The proposal would also adopt a new equity hedge exemption to the existing exemptions currently provided under Commentary .07 to Exchange Rule 1001. Specifically, new Commentary .07(5) to Rule 1001 would allow for a “reverse collar” hedge exemption, where a long call position is accompanied by a short put position where the long call expires with the short put and the strike price of the long call equals or exceeds the short put, and where each long call and short put position is hedged with 100 shares of the underlying security (or other adjusted number of shares). Neither side of the long call/short put can be in-the-money at the time the position is established. The Exchange believes this is consistent with existing Commentary .07(4) to Exchange Rule 1001, which provides for an exemption for a “collar,” and Commentary .07(2) and (3), which allow for a hedge exemption for “reverse conversions” and “conversions,” respectively.
Manipulation. The Exchange believes that position and exercise limits, at their current levels, no longer serve their stated purpose. The Commission has previously stated that:
Since the inception of standardized options trading, the options exchanges have had rules imposing limits on the aggregate number of options contracts that a member or customer could hold or exercise. These rules are intended to prevent the establishment of options positions that can be used or might create incentives to manipulate or disrupt the underlying market so as to benefit the options position. In particular, position and exercise limits are designed to minimize the potential for mini-manipulations and for corners or squeezes of the underlying market. In addition such limits serve to reduce the possibility for disruption of the options market itself, especially in illiquid options classes.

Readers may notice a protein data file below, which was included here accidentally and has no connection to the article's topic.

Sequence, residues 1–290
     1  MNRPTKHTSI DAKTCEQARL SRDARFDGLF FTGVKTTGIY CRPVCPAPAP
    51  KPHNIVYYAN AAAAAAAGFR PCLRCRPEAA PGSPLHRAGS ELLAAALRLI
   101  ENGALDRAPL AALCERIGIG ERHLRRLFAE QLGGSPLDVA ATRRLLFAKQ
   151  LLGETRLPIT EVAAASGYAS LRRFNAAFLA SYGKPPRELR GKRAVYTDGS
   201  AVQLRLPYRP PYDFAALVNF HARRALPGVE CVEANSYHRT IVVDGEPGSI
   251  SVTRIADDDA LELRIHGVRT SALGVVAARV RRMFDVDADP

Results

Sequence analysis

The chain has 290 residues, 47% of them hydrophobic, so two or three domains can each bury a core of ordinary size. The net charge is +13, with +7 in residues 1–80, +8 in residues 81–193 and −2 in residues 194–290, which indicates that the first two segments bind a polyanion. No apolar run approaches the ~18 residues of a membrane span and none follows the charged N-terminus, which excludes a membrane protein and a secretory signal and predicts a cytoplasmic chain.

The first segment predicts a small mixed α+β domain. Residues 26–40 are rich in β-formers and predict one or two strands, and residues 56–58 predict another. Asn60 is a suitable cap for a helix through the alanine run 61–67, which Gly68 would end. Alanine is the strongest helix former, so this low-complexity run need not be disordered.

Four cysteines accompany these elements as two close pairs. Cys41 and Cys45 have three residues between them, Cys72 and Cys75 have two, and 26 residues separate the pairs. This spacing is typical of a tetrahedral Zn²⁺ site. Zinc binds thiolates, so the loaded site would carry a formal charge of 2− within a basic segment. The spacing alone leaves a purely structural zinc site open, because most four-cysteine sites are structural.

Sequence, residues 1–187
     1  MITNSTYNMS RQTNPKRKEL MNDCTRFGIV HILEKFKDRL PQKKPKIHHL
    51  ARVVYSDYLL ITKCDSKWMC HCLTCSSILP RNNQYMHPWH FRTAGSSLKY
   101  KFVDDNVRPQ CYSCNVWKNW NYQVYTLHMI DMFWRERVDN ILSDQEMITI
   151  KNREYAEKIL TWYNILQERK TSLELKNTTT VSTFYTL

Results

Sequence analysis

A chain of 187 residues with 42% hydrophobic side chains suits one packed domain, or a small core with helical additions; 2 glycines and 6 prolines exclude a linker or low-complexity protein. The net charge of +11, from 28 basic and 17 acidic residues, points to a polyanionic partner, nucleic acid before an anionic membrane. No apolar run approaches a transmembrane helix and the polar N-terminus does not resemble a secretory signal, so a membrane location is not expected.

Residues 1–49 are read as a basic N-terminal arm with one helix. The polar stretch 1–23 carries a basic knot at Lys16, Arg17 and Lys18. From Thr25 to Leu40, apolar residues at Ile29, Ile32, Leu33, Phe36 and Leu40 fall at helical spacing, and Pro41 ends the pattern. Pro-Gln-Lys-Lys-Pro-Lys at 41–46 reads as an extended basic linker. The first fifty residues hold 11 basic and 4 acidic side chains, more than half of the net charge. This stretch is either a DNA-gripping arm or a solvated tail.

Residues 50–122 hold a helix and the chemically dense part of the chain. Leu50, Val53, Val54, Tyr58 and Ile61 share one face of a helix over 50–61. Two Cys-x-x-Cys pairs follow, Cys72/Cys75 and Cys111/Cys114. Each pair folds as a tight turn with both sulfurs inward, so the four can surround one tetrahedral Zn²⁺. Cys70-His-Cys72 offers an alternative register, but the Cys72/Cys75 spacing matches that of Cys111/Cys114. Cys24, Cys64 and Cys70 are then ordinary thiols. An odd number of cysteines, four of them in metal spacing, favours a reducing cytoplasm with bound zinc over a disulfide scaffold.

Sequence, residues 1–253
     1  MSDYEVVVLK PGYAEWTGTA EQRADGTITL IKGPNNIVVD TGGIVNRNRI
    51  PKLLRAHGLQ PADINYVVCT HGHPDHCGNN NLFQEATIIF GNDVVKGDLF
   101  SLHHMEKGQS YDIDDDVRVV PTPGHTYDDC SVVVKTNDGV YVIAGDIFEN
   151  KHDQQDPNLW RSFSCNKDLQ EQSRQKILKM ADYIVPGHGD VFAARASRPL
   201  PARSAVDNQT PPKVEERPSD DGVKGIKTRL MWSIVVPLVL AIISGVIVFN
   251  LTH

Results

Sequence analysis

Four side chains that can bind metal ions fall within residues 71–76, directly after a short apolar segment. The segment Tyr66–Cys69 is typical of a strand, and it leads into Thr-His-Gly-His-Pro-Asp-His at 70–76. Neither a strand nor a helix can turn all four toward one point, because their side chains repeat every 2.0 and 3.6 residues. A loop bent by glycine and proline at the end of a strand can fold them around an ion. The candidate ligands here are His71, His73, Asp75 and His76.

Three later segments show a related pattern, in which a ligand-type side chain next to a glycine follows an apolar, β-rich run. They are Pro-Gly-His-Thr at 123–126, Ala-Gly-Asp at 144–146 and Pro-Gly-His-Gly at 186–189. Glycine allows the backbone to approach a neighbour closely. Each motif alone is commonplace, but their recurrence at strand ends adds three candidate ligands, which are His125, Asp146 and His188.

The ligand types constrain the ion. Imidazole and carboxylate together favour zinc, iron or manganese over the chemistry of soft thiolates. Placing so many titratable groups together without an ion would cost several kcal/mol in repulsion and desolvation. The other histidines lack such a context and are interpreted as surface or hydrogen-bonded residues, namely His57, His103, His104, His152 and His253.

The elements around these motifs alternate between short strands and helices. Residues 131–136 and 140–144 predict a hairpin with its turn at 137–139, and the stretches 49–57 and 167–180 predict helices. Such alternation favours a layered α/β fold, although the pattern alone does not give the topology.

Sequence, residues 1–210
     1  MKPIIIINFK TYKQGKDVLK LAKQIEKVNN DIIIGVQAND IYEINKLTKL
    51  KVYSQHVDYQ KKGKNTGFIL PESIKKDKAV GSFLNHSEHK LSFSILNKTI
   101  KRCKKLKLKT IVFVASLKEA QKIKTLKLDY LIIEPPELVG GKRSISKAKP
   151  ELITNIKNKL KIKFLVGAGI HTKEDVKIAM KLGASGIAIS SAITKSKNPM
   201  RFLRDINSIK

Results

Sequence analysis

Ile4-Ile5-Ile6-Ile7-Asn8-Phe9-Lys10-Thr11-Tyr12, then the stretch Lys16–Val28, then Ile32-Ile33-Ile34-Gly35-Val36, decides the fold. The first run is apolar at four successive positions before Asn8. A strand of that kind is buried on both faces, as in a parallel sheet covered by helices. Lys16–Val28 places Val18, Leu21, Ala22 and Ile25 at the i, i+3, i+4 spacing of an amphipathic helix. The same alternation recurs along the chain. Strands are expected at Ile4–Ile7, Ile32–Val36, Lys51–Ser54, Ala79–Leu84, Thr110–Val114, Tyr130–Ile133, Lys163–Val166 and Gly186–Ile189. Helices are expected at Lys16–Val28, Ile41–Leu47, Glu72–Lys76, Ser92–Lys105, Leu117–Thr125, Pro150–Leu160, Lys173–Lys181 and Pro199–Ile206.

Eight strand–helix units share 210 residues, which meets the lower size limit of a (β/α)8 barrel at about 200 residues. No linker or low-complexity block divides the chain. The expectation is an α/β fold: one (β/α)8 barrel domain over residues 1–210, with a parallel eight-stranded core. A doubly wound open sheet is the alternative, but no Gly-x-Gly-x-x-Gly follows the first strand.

As the anniversary of listed options trading approaches its thirty-fifth year, the Exchange believes that the existing surveillance procedures and reporting requirements at the Phlx, other options exchanges, and at the several clearing firms are capable of properly identifying unusual and/or illegal trading activity. In addition, routine oversight inspections of the Exchange's regulatory programs by the Commission have not uncovered any material inconsistencies or shortcomings in the manner in which the Exchange's market surveillance is conducted. These procedures utilize daily monitoring of market movements via automated surveillance techniques to identify unusual activity in both options and in underlying stocks. Furthermore, the significant increases in unhedged options capital charges resulting from the September 1997 adoption of risk-based haircuts in combination with the Exchange margin requirements applicable to these products under Exchange rules, serve as a more effective protection than do position limits.
Furthermore, large stock holdings must be disclosed to the Commission by way of Schedules 13D or 13G. Options positions are part of any reportable positions and, thus, cannot be legally hidden. In addition, Exchange Rule 1003, which requires members to file reports with the Exchange for any customer who held aggregate long or short positions of 200 or more option contracts of any single class for the previous day, will remain unchanged and will continue to serve as an important part of the Exchange's surveillance efforts.
The Exchange believes that restrictive equity position limits prevent large customers, such as mutual funds and pension funds, from using options to gain meaningful exposure to individual stocks. This can result in lost liquidity in both the options market and the equity market. In addition, the Exchange has found that restrictive limits and narrow hedge exemption relief restrict member firms from adequately facilitating customer order flow and offsetting the risks of such facilitations in the listed options market. The fact that position limits are calculated on a Start Printed Page 12262gross rather than a delta basis also is an impediment.